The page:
The Same But Different
One of the reasons I’m glad to come to London in the UK rather than, say, the US is that there’s an odd blend of familiar and foreign at the same time. For example, I’m going to have a nursing job in London, in Bromley, to be specific. However, when I was doing my initial nursing training back in New Zealand, I flatted in the suburb of Bromley in Christchurch. Now I’m over in London, I keep seeing some very familiar names: Beckenham, Sydenham and Bexley. Then I spot some that remind me that I’m in the UK, not New Zealand: Wimbledon, Orpington, Heathrow and quite a few places mentioning the Thames.
During my walk back from the bakery, I went past a small park. At that moment, I could have been either back in New Zealand or in London. I closed my eyes, and as well as the sound of traffic, I could hear the songs of starlings, blackbirds and thrushes. The trees in the park looked like poplars and planes and oaks and others I remember from parks in New Zealand, but something seemed to be missing until I realised that I had been half expecting to see New Zealand native cabbage trees and pittosporums as well. I walked a bit further down the road and crossed the street (feeling very grateful that they drive on the left-hand side of the road here as well), and I came across a set of houses that seemed really close together – and they weren’t even terraced houses. There were a lot more brick houses and brick walls than back home – but what with the Christchurch earthquakes 10 or so years ago, I guess that isn’t surprising. My uncle says that a lot of the brick houses built the UK way in Christchurch were taken out by the earthquake (something they don’t have much of in the UK – that’s going to be something less to worry about; it was bad enough 10 years ago, even though I was still at school at the time).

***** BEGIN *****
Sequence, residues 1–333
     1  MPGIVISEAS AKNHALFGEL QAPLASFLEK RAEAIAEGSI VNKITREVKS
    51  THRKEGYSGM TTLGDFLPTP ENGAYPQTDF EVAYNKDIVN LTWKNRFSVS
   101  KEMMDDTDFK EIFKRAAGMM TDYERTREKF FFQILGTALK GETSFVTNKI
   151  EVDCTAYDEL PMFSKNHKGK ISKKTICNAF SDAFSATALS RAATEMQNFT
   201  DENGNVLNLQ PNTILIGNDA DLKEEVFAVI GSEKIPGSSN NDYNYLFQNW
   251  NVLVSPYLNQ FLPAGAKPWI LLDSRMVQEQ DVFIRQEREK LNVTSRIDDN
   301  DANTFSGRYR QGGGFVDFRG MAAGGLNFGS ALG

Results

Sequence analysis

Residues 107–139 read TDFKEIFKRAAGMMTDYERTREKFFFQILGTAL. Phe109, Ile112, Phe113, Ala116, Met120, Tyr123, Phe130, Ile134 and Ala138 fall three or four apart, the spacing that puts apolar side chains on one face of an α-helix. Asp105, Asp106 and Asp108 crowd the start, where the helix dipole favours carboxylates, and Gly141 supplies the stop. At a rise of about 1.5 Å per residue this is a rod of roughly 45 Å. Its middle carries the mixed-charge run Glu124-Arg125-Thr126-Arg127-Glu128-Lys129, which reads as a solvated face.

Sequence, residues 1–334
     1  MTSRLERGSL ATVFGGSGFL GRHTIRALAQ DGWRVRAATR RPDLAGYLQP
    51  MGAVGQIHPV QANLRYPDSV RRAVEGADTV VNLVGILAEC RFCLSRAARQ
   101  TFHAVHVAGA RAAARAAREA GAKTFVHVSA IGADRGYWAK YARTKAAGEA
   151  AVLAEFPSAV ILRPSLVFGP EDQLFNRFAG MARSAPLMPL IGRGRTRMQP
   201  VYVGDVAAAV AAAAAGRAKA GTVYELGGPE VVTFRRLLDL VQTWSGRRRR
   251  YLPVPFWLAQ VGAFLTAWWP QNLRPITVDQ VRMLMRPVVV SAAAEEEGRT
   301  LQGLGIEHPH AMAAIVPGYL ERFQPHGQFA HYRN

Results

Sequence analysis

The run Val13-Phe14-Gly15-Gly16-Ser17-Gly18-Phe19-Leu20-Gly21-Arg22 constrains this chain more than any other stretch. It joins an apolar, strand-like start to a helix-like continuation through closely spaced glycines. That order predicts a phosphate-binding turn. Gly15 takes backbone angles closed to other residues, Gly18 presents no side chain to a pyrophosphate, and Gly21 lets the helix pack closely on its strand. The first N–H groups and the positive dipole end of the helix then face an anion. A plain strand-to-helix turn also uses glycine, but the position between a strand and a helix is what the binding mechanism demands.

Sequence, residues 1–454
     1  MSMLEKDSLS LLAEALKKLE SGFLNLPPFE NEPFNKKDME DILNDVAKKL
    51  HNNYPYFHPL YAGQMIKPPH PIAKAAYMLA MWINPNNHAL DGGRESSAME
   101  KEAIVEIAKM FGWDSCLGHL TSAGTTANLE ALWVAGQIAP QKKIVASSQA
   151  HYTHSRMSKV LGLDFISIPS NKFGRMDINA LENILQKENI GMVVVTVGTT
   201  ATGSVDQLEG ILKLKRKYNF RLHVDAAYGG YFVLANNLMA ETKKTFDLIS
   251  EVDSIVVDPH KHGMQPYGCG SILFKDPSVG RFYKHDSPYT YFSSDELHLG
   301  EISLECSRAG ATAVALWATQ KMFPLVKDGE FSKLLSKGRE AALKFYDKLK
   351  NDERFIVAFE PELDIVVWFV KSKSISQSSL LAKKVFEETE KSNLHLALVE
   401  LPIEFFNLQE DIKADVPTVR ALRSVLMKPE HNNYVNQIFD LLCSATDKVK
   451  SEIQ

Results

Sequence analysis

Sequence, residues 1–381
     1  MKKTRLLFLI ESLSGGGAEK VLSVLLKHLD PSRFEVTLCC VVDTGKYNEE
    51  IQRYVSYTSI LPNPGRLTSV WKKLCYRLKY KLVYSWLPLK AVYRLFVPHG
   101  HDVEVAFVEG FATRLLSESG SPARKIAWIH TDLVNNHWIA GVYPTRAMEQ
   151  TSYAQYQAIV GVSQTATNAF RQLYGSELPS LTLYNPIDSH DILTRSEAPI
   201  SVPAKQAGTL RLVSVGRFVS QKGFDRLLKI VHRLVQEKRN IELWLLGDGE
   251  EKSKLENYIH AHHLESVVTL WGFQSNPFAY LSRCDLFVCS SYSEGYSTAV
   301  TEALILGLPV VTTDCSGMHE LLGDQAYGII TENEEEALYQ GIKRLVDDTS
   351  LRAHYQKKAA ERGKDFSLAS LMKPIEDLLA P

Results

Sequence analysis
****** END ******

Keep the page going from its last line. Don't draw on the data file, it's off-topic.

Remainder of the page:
Some road signs looked familiar – I guess that they’re the same around the world – but there were some I didn’t recognise. I think they’re the ones for public transport. That’s going to be another thing to get used to here – public transport seems to be a much bitter thing. I thought about getting an international driver’s license to drive in the UK, but the people at the agency said that London’s public transport system meant that I probably wouldn’t need to drive. Even if I wanted to explore during my days off, trains were an option. So that’s another adventure awaiting me.
Speaking of that bakery, I had another little surprise. Yes, there were some yummy baked goodies on offer (which I’ll have to enjoy another time; at the moment, my body clock is so out of whack that my appetite is non-existent) and a good selection of coffees to go, but it took me a few moments to remember that flat whites are a New Zealand thing, so I went with a latte instead. It was also a pleasant surprise to find that this bakery, which I guess is typical – had fresh-baked bread for sale as well as all the usual cakes and pies and biscuits.
Actually, I now regret not having picked up that bread, as it would have been good for breakfast tomorrow morning. Just don’t ask me when tomorrow morning will be.